How do you do them?
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Today’s topic is layoffs. We’re diving right in.
As we move into a year of economic uncertainty, it's time to don our thinking caps and plan for the worst while hoping for the best.
Unfortunately, this year's challenges are a bit more complicated than trying to keep Bob from microwaving his tuna casserole in the break room.
We know that mainly tech companies have started doing big layoffs. From Google to Microsoft, almost everyone has reduced their workforce. If it weren’t for its serious impact on organizations and people, one could rant about layoffs being a la modé in the tech industry. Usually, that’s blamed on the microeconomic environment.
But is that the whole truth?
In his latest piece, "The Four Horsemen of the Tech Recession," Ben Thompson paints a great and deeper picture of why we've ended up here:
Rise of interest rates
Tech companies are facing unique headwinds that are causing a tech recession. COVID is the biggest issue facing tech companies, and even though it is mostly over in most parts of the world, it still affects the economy.
The tech sector thrived during COVID, but now they face challenges such as the four horsemen of the tech recession. The four horsemen are e-commerce, cloud computing, layoffs, and slowing earnings. These issues impact the broader economy and cause tech companies to face a complex economic environment. Amazon is feeling the impact, especially in its cloud-computing business, which is affected by slowing growth rates.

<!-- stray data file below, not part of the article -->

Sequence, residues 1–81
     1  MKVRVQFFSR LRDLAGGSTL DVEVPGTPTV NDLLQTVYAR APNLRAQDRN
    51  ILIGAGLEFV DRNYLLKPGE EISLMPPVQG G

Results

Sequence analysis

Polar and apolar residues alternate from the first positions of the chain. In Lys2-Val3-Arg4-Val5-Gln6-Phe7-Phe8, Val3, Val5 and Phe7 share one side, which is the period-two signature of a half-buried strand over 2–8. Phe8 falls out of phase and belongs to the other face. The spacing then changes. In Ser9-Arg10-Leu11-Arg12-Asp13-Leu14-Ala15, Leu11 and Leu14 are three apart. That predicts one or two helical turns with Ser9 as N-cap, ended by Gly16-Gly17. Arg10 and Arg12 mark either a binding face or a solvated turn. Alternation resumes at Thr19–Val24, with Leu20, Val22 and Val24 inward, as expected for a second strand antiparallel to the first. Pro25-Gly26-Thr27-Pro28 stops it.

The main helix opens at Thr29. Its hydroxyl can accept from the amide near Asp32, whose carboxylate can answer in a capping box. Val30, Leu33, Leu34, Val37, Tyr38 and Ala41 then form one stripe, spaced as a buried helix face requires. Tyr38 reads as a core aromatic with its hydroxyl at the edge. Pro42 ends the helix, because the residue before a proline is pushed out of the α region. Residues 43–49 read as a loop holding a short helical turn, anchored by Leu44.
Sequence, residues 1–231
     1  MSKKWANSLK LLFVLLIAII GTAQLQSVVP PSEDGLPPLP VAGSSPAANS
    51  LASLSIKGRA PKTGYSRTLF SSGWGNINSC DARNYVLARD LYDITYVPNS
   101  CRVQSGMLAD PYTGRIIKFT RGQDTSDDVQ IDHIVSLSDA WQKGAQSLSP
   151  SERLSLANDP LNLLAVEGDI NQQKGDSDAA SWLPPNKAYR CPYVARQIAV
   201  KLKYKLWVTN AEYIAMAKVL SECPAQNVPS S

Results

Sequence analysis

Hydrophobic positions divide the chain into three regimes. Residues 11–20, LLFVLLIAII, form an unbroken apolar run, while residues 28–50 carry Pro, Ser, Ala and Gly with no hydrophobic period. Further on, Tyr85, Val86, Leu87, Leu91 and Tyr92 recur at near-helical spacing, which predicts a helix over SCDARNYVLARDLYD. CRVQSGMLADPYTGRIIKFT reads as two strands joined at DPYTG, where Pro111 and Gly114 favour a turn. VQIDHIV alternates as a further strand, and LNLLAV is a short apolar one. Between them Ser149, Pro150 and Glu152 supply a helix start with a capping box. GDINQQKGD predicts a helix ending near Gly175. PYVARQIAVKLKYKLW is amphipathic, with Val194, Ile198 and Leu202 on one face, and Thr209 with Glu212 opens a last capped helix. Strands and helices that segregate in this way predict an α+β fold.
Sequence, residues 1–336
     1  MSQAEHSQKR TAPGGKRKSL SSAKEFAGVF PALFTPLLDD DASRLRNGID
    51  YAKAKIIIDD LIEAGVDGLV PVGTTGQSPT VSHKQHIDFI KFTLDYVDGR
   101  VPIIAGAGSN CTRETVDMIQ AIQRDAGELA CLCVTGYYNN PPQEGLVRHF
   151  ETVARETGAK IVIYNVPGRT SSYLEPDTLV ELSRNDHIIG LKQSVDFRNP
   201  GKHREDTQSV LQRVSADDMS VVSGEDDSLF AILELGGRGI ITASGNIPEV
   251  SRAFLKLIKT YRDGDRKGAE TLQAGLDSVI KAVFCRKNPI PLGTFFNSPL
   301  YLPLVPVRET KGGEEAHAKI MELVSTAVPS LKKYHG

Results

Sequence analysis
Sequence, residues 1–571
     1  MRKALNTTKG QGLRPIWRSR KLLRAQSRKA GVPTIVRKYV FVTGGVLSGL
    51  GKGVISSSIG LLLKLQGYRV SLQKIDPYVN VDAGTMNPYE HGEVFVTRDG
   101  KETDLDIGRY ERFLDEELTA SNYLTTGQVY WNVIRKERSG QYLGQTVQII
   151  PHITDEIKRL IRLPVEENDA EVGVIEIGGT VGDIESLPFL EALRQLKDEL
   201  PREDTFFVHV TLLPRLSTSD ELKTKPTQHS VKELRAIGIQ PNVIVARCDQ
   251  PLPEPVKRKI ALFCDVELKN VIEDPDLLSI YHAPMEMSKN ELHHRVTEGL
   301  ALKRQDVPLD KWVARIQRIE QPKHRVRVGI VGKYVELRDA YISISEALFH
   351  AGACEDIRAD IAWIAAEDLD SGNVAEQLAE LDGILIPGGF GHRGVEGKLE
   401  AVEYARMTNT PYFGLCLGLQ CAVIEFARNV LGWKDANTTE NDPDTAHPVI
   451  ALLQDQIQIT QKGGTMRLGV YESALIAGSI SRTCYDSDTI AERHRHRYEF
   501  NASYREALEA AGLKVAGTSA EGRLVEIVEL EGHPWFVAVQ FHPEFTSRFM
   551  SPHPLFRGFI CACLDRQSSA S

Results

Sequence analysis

About the hardware cycle, here he refers to the cyclical nature of consumer electronics sales, which can impact companies such as Apple and Microsoft.
Ben argues that rising interest rates have caused a devaluation of long-term revenue streams for Software as a Service (SaaS) companies, which makes total sense. When interest rates were low, you needed your capital to work work work, e.g., you needed to invest it, and many did so - in people. (Sidenote, that’s also one of the reasons why our department made significant leaps over the last years; more people means more work for HR.)
Finally, Ben argues that ATT (App Tracking Transparency) has significantly impacted the digital advertising industry, causing revenue growth to crash for companies like Meta, YouTube, and Shopify. This has also impacted cloud providers such as AWS, who are hit multiple times.
It sums up the current landscape pretty well for those working in or around tech companies.
Which has led organizations to look for ways to reduce costs.
Hence the layoffs.
And sure, layoffs can help reduce costs, but they can also lead to decreased morale and increased turnover rates, and by that, I mean involuntary turnover.
People who we wanted to keep may feel they need to leave.
And here, we tend to fail.
As HR professionals, we must ensure that our organizations create a sense of security and belonging for the remaining employees.
Otherwise, they might start practicing their best Scooby-Doo impression and exclaim, "Ruh-roh! I better start looking for a new job!" It can be a triple-whammy to the people still left in the organization, including survivor's guilt, slimmer outlooks, and a heavier workload.
We will likely see an increase in attrition during the spring from organizations that have done the layoffs and cannot meet their employees' feelings, cannot articulate a clear vision, and cannot create that sense of belonging.
What can organizations do to help reduce turnover after laying people off?
If you haven’t laid people off yet but are thinking about it, there’s one podcast you should listen to, most likely twice.
Sandra Sucher, a professor at Harvard Business School, talks in a recent HBR Idecast episode about what you can and should do if you need to do layoffs.